Habs look to buck historic trend vs. Lightning
APR 19, 2014 9:58p ET
The most recent was in 2011, and the Boston Bruins stormed back to win Game 7 in overtime on Nathan Horton's shot off a defenseman's leg.
Before that was 2006, when the Canadiens took the opening two games in Carolina only to drop the next four, partly through losing star center Saku Koivu to a series-ending eye injury from an accidental high stick by Justin Williams in Game 4.
Both times, the team that came back to beat Montreal went on to win the Stanley Cup.
After taking the first two of the opening series against the Tampa Bay Lightning - 5-4 in Game 1 and 4-1 in Game 2 - Gionta doesn't want history to repeat itself.
"It's huge, but at the end of the day, we fell into that trap against Boston a few years back," the Canadiens' captain said Saturday. "We won two games in their building and we came back and let off the gas a bit.
"So we need to make sure that our focus is on (Sunday) night and make sure we do what we did in the first two games."
Game 3 of the best-of-seven series is Sunday night at the Bell Centre.
The Canadiens didn't skate Saturday after a late flight from Tampa, but the message from coach Michel Therrien and his staff was about taking care of business on home ice.
"We all understand that the farther you get in the playoffs the more difficult the games are to play," said Therrien. "We're glad we're back at home, but I like our focus.
"We have a business mentality. It's about preparing ourselves for (the next game)."
Therrien's team has had the edge for all but the first period of Game 2, when strong goaltending from Carey Price kept it scoreless until Montreal took control in the second frame on a power-play goal from David Desharnais and Rene Bourque's first of the game.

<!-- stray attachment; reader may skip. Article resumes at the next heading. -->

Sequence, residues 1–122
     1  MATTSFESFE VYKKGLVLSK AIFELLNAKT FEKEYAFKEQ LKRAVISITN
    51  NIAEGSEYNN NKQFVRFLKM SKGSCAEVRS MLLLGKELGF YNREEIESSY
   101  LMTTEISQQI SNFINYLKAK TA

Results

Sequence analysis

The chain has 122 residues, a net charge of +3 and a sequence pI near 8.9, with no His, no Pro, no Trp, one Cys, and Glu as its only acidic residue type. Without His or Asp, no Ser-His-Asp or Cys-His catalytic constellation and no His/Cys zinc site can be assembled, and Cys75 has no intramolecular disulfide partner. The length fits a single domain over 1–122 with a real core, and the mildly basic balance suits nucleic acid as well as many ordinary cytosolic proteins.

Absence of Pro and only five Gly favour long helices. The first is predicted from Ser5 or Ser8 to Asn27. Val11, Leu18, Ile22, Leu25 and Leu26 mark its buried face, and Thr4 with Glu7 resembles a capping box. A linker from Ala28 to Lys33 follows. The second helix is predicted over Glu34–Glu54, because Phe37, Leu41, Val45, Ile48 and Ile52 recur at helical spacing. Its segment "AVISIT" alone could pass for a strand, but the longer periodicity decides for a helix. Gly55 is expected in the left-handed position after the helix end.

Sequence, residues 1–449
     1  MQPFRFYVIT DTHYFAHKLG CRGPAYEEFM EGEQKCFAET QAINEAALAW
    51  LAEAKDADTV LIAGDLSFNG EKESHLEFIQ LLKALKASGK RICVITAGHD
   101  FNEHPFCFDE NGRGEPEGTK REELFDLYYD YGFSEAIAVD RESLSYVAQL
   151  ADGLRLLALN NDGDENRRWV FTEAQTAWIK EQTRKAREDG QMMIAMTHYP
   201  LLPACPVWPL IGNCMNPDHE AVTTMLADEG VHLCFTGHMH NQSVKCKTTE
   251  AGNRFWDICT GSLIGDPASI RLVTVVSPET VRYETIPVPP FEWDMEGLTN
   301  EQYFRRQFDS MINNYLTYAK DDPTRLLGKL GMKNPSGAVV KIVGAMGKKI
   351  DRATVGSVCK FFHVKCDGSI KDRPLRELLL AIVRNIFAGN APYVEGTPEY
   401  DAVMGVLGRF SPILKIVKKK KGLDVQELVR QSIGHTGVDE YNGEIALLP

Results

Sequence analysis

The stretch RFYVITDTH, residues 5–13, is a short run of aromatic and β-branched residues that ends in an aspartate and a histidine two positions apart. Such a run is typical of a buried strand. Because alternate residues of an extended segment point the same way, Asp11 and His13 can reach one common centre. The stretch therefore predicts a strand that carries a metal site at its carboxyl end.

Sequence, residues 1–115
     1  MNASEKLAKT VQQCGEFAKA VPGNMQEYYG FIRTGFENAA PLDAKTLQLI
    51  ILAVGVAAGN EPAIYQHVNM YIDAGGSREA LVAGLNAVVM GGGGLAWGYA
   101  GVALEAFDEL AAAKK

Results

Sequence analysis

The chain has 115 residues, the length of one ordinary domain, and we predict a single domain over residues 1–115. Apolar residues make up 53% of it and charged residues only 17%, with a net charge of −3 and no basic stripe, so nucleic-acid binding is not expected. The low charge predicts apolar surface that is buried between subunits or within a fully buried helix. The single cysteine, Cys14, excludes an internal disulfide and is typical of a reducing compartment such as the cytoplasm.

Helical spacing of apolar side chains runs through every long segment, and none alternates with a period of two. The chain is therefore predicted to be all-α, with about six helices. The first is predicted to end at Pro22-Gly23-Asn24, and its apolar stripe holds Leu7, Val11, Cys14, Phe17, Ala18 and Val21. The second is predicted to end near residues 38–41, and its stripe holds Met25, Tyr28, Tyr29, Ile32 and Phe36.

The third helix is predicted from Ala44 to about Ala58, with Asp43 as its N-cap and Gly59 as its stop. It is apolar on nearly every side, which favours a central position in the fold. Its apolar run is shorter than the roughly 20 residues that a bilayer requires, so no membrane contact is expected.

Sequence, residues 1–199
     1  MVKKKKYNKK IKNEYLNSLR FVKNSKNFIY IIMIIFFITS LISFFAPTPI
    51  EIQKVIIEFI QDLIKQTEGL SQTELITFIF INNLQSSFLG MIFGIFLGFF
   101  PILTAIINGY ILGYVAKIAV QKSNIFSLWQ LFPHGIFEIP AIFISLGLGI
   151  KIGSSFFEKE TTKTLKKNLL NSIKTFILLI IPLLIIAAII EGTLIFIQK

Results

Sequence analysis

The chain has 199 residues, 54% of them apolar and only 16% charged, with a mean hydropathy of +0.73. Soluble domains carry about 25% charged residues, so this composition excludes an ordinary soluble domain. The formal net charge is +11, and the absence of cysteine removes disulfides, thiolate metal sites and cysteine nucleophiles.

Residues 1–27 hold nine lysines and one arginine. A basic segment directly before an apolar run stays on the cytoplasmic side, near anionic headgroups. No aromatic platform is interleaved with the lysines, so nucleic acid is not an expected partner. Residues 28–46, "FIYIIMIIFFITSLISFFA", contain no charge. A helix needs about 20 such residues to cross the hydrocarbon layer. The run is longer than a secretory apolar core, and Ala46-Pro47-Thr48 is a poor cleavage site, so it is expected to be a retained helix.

Brendan Gallagher and Bourque added goals in the third before Teddy Purcell put Tampa Bay on the board with just under two minutes left on a power play with the goalie also pulled for an extra skater.
Desharnais' goal broke a nine-game drought for the Montreal power play. The Canadiens have also been getting scoring from all four lines. Eight different forwards have scored, taking some pressure off the top unit of Desharnais, Max Pacioretty and Thomas Vanek.
Desharnais got his first goal in 12 career postseason games, while Pacioretty's assist on the same tally was his first point in six career playoff games. The line has combined for 22 shots in the two games.
Montreal also took advantage of the absence of injured goalie Ben Bishop, beating Anders Lindback eight times in two games and adding another against Kristers Gudlevskis - the Latvian who made 55 stops in a 2-1 loss to Canada at the Sochi Olympics.
Gudlevskis let in one goal on three Montreal shots.
Tampa Bay star Steven Stamkos has been held to two goals, both in the opener, and no assists - although he has nine shots on goal.
"There's no use in feeling sorry for ourselves right now. We have to dig deep here," Stamkos said. "We've been through a lot of adversity, and this is just piling up right now. We found a way every time, and I expect the same."
The Canadiens are looking to win a playoff series for the first time since goalie Jaroslav Halak's heroics got them to the 2010 Eastern Conference finals. They are 49-5 when leading a best-of-seven 2-0, but have lost three of the last four in that situation.
"They're going to make adjustments," said Gionta. "It's the playoffs and you've got to try to read what they're going to do, make adjustments on the fly, and see what happens.
"I thought we did a fairly good job of that (Friday) night. We need to do it again."
Gionta's line with center Lars Eller and left-winger Bourque has been particularly solid. Eller entered the postseason with two assists in eight career games, but now leads the team with a goal and two assists.
Bourque was a target for fans all through a sub-par regular season with nine goals in 63 games in which he was made a healthy scratch for the first time in his career. He sat out five straight games in March.
He may get a warmer reception after two solid games in Tampa, including his first career playoff game with more than one goal.
"Since he's back in our lineup, before the playoffs, Rene Bourque was playing the way we expect him to play," said Therrien. "We don't judge players only on goals and assists.
"What I like is that he's engaged in the game. He's physical. He's going hard to the net and he got rewarded."